Woe is me! what tongue can tell
My sad afflicted state,

The Good Samaritan

Luke x. 30

Woe is me! what tongue can tell
My sad afflicted state,
Who my anguish can reveal,
Or all my woes relate?
Fallen among thieves I am,
And they have robbed me of my God,
Turned my glory into shame,
And left me in my blood.

O thou good Samaritan!
In thee is all my hope;
Only thou canst succour man,
And raise the fallen up:
Hearken to my dying cry;
My wounds compassionately see;
Me, a sinner, pass not by,
Who gasp for help from thee.

Still thou journeyest where I am,
Still thy compassions move;
Pity is with thee the same,
And all thy heart is love;
Stoop to a poor sinner, stoop,
And let thy healing grace abound,
Heal my bruises, and bind up
My spirit’s every wound.

Saviour of my soul draw nigh,
In mercy haste to me,
At the point of death I lie,
And cannot come to thee;
Now thy kind relief afford,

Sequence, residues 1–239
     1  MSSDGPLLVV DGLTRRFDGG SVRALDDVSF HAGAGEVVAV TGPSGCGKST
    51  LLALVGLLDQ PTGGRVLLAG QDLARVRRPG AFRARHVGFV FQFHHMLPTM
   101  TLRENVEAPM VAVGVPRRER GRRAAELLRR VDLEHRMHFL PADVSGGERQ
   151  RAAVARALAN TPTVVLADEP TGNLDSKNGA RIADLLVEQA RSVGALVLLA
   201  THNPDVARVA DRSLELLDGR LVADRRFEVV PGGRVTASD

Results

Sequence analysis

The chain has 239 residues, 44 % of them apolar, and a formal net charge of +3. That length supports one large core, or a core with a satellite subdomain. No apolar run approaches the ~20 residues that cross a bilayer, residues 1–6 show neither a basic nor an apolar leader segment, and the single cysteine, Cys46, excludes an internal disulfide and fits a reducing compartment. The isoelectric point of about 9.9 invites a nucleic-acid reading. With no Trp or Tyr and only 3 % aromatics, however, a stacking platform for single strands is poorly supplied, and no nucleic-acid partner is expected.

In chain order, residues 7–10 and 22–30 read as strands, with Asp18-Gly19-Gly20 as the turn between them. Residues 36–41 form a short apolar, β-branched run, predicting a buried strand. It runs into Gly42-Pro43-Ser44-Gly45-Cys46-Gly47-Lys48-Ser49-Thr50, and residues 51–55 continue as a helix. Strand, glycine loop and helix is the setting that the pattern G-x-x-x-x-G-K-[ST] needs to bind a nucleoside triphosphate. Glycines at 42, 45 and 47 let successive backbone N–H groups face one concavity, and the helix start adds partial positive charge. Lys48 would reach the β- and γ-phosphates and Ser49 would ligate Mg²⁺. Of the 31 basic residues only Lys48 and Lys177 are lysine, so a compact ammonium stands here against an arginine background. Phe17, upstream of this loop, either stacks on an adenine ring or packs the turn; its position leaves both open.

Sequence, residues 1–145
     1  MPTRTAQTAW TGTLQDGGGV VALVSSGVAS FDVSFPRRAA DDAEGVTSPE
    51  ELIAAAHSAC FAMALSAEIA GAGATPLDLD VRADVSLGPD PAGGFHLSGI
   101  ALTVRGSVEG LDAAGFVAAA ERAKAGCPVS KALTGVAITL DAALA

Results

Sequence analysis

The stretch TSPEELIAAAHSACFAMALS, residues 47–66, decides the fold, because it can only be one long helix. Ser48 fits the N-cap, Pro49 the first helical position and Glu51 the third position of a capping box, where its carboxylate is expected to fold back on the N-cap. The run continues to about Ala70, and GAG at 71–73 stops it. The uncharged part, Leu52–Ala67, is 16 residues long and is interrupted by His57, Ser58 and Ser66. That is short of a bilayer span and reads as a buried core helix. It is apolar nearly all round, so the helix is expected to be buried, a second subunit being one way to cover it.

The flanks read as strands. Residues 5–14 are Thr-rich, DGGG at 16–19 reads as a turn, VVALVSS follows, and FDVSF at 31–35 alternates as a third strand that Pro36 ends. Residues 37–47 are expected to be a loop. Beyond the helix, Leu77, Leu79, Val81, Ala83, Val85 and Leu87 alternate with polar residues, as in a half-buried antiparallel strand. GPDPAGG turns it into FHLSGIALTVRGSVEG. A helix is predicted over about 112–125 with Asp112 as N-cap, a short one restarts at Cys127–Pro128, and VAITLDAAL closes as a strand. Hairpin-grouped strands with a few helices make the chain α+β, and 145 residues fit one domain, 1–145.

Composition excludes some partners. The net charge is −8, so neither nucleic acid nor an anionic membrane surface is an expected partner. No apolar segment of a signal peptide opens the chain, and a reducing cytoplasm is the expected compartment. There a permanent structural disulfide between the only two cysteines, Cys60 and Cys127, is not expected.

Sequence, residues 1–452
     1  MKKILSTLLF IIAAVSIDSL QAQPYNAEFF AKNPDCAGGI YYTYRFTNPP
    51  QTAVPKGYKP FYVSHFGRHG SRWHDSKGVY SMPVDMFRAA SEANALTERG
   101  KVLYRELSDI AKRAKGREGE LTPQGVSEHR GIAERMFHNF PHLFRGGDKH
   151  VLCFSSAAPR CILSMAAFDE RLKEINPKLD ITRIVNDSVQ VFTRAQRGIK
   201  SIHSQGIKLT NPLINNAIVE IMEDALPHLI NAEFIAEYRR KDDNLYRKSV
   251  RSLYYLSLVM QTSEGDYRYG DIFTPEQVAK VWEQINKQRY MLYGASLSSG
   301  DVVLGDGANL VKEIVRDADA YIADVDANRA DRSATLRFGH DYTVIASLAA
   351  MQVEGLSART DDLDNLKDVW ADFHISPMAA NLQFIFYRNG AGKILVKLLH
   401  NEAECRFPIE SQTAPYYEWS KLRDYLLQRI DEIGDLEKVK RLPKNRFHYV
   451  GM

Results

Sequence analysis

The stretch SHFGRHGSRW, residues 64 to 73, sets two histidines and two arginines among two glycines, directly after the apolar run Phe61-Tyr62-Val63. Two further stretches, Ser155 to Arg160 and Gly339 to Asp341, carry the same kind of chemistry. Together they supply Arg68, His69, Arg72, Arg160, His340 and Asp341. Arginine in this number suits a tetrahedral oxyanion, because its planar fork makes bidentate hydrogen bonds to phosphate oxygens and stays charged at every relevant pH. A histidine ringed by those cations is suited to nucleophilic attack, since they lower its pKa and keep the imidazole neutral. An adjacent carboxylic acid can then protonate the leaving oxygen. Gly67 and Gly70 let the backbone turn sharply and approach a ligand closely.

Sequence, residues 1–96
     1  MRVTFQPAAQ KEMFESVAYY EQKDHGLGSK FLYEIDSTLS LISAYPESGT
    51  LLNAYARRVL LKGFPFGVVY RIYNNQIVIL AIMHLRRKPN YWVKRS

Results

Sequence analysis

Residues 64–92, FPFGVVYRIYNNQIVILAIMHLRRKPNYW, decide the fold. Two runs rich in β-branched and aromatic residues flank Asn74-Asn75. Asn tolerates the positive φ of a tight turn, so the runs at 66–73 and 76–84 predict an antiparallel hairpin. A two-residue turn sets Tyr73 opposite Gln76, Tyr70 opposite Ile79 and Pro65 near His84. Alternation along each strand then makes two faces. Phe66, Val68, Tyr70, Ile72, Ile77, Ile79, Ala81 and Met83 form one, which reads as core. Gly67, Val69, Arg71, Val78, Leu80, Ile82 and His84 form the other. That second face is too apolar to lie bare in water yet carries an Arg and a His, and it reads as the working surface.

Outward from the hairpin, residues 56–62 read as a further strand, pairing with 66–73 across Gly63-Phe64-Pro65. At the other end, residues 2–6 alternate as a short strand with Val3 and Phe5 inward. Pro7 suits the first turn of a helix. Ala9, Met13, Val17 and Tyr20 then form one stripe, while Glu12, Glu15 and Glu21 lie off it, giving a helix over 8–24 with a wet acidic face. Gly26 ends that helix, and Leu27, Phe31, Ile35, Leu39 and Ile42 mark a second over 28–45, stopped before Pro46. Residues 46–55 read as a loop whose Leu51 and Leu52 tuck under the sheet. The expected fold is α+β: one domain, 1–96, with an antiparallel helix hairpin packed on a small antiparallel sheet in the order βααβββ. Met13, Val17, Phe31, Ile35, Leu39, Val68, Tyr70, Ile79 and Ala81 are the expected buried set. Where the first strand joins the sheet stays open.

The wine and oil of grace pour in;
Good Physician, speak the word,
And heal my soul of sin.

Pity to my dying cries
Hath drawn thee from above,
Hovering over me, with eyes
Of tenderness and love,
Now, even now, I see thy face;
The balm of Gilead I receive;
Thou hast saved me by thy grace,
And bade the sinner live.

Surely now the bitterness
Of second death is past;
O my Life, my Righteousness,
On thee my soul is cast!
Thou hast brought me to thine inn,
And I am of thy promise sure;
Thou shalt cleanse me from all sin,
And all my sickness cure.

Perfect then the work begun,
And make the sinner whole;
All thy will on me be done,
My body, spirit, soul;
Still preserve me safe from harms,
And kindly for thy patient care,
Take me, Jesus, to thine arms,
And keep me ever there.